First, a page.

"I took her to New York for the first time," Chong recalled yesterday. "She was absolutely dazzled. We went to see a Broadway musical, 'The Secret Garden,' and Iris loved it."

Arakawa had a streak of adventure too, and she could be impulsive. She had the flower for which she was named tattooed on her shoulder.

One colleague, Laura Efurd, remembers that Arakawa seemed especially buoyant in recent weeks. Efurd figured that, like everyone else, she was relieved a tough legislative season was over.

But on Monday and Tuesday, Arakawa called in sick for work. "Four other members of the staff were down with the flu, and we assumed she was too," Mink said.

Arakawa returned to work Wednesday to get ready for her trip. People noticed she was pale and quiet.

"It appeared she had the flu," said co-worker Russell Kudo. "She didn't look well. She didn't feel well. She did appear tired."

Chong called her at home. "She sounded strange, all draggy, like a 45 record on 33 speed," her friend remembers.

At first, Arakawa mentioned that she wasn't feeling well, then said somewhat cryptically: "I'm really kind of okay. I have this house guest here." She didn't elaborate, and Chong didn't press.

Although Mink felt close enough to her assistant to have her over for Thanksgiving dinner two weeks ago, she said yesterday that she knew little about Arakawa's personal life. Her staff is now helping to plan a memorial service Monday morning in the Capitol's chapel. "We're all obviously in a state of shock," Mink said.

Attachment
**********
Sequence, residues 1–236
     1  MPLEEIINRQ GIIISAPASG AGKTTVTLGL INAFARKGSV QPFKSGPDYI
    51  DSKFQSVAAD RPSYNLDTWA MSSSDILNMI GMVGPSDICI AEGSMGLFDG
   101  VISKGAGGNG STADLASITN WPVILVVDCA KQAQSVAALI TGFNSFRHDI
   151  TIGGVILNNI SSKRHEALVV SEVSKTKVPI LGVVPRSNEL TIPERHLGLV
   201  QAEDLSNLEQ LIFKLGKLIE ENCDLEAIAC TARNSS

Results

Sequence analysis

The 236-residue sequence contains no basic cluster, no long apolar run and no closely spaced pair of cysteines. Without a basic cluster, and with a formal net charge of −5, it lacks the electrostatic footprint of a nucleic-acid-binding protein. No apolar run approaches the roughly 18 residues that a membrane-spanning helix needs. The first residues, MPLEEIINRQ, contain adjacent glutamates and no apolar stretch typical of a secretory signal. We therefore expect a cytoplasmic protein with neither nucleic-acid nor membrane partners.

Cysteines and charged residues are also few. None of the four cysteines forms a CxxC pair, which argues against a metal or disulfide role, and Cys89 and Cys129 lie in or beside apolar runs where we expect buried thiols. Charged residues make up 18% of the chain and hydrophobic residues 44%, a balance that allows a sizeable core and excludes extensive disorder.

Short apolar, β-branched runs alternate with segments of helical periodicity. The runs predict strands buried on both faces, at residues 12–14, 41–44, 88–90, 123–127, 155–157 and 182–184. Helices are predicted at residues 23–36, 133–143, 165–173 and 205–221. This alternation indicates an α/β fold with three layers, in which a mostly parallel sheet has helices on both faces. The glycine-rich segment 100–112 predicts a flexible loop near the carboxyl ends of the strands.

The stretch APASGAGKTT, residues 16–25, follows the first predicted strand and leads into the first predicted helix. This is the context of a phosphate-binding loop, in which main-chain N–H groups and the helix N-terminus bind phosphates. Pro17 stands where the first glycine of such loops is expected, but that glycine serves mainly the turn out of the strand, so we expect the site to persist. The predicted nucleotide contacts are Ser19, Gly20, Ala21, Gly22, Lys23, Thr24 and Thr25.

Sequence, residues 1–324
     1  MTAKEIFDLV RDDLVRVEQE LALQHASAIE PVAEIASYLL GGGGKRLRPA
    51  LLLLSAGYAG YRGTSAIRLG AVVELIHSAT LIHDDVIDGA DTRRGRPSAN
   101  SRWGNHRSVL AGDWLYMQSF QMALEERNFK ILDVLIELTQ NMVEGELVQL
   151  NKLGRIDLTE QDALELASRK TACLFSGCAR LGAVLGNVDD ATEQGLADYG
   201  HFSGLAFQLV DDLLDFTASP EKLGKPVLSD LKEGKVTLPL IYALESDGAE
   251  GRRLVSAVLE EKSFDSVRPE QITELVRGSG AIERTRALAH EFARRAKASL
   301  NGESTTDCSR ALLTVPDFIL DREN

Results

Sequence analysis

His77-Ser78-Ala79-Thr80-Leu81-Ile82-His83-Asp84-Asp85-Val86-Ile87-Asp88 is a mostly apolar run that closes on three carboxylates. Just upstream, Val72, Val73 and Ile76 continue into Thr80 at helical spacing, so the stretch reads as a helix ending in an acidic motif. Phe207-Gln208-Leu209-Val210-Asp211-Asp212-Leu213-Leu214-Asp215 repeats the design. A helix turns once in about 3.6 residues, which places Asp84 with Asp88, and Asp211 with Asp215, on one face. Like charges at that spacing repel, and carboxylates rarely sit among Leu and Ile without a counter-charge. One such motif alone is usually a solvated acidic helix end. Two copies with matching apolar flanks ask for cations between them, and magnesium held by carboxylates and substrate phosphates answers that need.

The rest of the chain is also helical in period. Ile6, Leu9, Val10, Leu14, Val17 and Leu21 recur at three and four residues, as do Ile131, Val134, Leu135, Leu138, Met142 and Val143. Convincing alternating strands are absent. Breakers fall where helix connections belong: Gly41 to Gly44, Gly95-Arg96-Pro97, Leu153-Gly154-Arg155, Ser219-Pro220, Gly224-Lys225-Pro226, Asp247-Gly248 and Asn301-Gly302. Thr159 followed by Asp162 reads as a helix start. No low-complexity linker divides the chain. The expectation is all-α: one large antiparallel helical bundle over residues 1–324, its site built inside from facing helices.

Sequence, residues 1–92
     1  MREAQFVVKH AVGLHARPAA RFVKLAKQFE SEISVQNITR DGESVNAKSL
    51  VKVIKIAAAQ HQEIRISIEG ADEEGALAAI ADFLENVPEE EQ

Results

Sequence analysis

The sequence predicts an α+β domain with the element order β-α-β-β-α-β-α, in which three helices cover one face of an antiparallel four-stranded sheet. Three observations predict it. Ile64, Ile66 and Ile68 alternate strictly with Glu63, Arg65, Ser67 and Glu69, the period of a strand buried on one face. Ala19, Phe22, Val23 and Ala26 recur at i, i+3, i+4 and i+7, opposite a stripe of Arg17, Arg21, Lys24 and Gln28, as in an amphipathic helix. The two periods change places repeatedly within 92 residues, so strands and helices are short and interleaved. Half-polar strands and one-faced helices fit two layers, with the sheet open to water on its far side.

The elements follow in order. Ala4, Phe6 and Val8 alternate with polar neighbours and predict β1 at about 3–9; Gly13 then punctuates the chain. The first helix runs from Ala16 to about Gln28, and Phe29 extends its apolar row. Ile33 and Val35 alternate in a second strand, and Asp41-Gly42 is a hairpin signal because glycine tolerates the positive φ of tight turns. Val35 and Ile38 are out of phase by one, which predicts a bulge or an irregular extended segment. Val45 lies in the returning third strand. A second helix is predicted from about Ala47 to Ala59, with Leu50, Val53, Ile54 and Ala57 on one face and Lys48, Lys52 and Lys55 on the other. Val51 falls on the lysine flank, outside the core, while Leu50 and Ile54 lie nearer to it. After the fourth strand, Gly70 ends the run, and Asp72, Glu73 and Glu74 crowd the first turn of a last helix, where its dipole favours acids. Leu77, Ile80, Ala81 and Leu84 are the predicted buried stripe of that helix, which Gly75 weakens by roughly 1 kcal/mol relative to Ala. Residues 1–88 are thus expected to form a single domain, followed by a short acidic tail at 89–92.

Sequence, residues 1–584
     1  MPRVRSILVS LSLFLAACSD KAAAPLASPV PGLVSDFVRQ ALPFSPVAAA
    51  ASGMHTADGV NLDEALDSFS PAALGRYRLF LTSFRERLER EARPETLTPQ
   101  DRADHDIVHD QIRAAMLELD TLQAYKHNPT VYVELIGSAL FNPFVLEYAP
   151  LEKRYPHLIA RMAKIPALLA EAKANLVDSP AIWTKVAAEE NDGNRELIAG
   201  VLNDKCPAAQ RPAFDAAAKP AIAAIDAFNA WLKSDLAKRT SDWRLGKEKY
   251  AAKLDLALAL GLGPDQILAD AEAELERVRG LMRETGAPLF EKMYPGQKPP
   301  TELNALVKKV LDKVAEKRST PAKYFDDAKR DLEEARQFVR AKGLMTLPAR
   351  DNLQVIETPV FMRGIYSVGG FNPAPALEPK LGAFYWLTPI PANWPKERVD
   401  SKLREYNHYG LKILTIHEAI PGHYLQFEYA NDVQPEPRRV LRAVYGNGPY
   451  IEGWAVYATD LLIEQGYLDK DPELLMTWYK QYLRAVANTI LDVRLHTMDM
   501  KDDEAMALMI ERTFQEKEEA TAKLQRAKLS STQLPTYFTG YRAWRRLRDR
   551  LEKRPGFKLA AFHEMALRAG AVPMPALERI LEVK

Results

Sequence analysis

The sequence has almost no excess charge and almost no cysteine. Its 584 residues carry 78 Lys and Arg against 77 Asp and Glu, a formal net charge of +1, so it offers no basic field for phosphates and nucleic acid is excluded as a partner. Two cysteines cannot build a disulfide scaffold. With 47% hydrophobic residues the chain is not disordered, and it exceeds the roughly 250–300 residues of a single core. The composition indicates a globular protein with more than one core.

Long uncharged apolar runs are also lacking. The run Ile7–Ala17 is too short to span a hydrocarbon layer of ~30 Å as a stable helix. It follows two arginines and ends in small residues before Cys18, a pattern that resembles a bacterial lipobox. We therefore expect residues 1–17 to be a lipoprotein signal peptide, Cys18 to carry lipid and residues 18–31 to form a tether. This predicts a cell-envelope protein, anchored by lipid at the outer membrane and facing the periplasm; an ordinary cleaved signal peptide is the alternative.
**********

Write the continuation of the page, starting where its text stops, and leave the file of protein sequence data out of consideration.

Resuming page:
Co-workers had the grim task of identifying the woman's body Thursday. "It was very difficult," Efurd said. "I don't even know what she was wearing. All we really know is that she was killed at the Metro."

Colleagues and friends dismiss homesickness as a motive for the suicide, noting that Arakawa already had her plane ticket to Hawaii.

"She always knew if she didn't like it here she could go home," Mink said. "She was a brilliant young attorney. She had no commitment to stay if she didn't like it."

If life inside the Capital Beltway was a disappointment to her, she still could joke about it. After their trip to Philadelphia last summer, she and Chong sipped ice cream sodas at Union Station. Hot and petulant, Arakawa suddenly declared, "You know, after all the wonderful talk about four seasons here, it's just not what it was cracked up to be."

Chong chided her about her attitude, and Arakawa burst out laughing. "Iris hated the weather," Chong said. "She was beside herself over the blizzard last year."

Her family was planning to visit next spring to see the cherry blossoms. Arakawa recently moved into a larger apartment, in part so they all would have a place to stay.

That ground-floor apartment on C Street SE was vacant this weekend, an overhead light burning through closed wooden shutters. Neighbors knew nothing about the tragedy that had befallen the occupant of Apartment 2. A package from a Tennessee cousin sat unclaimed in the mailbox.

The unopened box reminded Chong of her last conversation with Arakawa. She had called again to check on her friend and arrange to deliver a small Christmas gift. Arakawa still sounded strange, "spacey and vacant, like she was on medication," Chong said. There was no reason to suspect drugs.

Chong ended up sending the present via messenger to Mink's' office. Arakawa called Wednesday to say thank you and suggested dinner that evening. At 4 p.m., she called back to reschedule for Thursday.

Chong left several messages on Arakawa's answering machine Thursday. She gave up trying to reach her about 8 p.m. and was stunned to learn later that her friend had been dead since dawn.

Standing outside the dreary row house where the light still burned in Apartment 2, Chong remembered why Arakawa had moved from a basement apartment a few blocks away.

"It was just too dark," Arakawa said at the time. "I want a brighter place."